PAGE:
Kansas City – Three Performances of Note
A Slow Recovery
In this day and age ACL injuries don’t have the serious career implications that they once did. A torn ACL is devastating, but fans expect the player at full strength the next season. Unfortunately for Chiefs fans, Eric Berry doesn’t seem to be back at full strength just yet. Berry was exposed all day by tight end Antonio Gates. The Chiefs’ star safety was more than a few steps behind most plays and was out of place in man coverage. When all was said and done he gave up 97 yards (59 to Gates) on seven of seven passing and committed two pass interference penalties. This was a performance reminiscent of a rookie year where he was put in positions he was always going to struggle with, and while learning on the job will make him better in the long term, it hurt the team in this one.
The Whole Backfield
Coming into the game all the talk was about Ryan Mathews’ fumbling problem. Who knew it would be the Chiefs’ backs that would cough up the ball three times? The good news is that Jamaal Charles and Shaun Draughn don’t have a history of fumbling problems (never more than two in a season). The bad news is that the attention to detail just wasn’t there. Charles, Draughn and Cyrus Gray combined for a -3.9 pass blocking grade on a measly nine attempts in as pathetic an exhibition of blitz pickup as you’re likely to ever see. The three whiffed multiple times on the Chargers’ athletic linebackers and had little semblance of proper form. Other teams will take advantage of this in the future if the Chiefs’ backs aren’t able to correct it.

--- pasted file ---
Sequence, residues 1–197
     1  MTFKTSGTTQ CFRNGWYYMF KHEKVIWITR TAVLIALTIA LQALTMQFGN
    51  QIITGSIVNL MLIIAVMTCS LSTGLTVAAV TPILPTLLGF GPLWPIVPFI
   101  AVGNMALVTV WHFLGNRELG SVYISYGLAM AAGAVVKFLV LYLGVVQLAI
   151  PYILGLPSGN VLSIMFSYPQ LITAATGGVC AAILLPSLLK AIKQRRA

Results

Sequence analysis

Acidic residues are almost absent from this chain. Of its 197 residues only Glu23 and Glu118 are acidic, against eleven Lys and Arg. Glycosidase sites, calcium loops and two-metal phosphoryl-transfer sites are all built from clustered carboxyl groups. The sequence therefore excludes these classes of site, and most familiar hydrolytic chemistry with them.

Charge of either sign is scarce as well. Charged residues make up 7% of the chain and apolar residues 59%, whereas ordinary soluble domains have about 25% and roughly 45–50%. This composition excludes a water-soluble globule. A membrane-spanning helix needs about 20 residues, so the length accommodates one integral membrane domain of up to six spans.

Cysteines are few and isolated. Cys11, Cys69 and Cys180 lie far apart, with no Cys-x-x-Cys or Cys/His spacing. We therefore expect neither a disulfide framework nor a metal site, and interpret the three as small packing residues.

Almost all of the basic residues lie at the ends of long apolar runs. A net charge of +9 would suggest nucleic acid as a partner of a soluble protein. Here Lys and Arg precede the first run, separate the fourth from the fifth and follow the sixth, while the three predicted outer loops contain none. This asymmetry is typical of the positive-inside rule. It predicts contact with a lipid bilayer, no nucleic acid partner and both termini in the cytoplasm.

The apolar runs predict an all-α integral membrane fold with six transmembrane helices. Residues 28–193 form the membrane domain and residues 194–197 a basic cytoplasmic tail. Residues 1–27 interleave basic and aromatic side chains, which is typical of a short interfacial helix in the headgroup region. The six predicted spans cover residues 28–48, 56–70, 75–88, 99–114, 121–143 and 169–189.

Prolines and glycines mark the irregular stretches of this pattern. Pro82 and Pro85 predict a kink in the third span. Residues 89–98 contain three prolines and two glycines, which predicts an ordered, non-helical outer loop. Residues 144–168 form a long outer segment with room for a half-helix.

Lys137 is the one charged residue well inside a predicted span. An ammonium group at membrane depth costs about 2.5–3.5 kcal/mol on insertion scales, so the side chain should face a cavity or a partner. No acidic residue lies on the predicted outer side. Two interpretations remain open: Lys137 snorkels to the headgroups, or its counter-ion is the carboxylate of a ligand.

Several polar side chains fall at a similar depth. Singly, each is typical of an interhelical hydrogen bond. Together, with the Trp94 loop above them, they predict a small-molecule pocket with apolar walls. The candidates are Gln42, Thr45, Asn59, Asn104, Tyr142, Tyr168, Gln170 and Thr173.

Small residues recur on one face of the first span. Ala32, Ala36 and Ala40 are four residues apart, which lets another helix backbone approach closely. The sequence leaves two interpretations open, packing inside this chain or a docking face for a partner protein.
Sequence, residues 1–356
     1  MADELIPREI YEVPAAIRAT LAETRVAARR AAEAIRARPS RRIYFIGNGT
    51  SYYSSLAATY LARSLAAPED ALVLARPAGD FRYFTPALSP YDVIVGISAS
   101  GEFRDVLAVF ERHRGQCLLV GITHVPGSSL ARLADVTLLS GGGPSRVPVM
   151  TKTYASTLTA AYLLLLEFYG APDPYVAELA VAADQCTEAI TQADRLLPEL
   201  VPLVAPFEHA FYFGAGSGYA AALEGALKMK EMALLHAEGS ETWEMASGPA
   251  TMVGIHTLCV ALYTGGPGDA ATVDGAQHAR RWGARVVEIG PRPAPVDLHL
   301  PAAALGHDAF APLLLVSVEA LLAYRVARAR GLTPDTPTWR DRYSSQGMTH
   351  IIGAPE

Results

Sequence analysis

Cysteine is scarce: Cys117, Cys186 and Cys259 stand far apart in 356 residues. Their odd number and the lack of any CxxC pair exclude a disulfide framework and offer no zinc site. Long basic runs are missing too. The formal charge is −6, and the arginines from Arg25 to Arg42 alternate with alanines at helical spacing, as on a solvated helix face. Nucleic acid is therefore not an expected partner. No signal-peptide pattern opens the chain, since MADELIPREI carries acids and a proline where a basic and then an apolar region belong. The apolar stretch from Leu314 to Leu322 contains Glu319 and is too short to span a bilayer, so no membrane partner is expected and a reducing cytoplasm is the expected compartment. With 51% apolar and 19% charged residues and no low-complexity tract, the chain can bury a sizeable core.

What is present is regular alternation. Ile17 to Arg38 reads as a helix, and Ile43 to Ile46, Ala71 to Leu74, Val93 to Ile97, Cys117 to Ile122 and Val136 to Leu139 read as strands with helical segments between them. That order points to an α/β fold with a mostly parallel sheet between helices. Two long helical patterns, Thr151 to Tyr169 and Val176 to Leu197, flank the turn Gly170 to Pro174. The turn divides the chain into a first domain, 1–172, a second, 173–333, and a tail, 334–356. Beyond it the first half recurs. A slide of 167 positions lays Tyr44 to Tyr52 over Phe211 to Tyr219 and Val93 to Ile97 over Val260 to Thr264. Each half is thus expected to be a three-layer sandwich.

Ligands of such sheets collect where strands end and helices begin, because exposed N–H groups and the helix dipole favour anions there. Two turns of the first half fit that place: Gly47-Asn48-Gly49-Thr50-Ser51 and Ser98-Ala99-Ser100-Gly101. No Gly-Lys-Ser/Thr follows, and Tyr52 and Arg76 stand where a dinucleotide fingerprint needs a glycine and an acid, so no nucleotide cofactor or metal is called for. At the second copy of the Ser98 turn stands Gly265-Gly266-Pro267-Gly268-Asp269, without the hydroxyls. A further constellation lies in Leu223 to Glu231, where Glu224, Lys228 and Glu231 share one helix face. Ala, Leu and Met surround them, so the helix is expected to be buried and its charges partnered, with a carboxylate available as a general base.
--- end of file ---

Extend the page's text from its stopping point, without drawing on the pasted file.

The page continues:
While all around him were losing their heads, step forward Dwayne Bowe (+3.0) with the kind of performance you expect from an elite receiver. The only way the Chargers could stop him required the use of the referees flags as he drew two defensive pass interference and another illegal contact call. Yet that only limited his impact, and not by much. He regularly got separation and twice put double moves on Antoine Cason, one of which resulted in a touchdown and another that should have (but for an overthrow) resulted in a big gain. With an erratic quarterback and few others stepping up in the passing game, Bowe’s 7 of 12 balls caught for 108 yards didn’t do him justice.
– Who needs to blitz? Cassel threw three picks and completed 53.1% of his passes without the Chargers sending the heat.
– The Chargers didn’t even try and go deep, throwing 16 of 22 passes within 10 yards and only one pass over 20.
– Antonio Gates picked up 2.46 yards for every route he ran.
This ball goes to right tackle Jeromey Clary for putting up an all-around solid game when they needed it most. There was a lot of buzz regarding Justin Houston coming into this game, and a lot less leaving it because of Clary’s performance.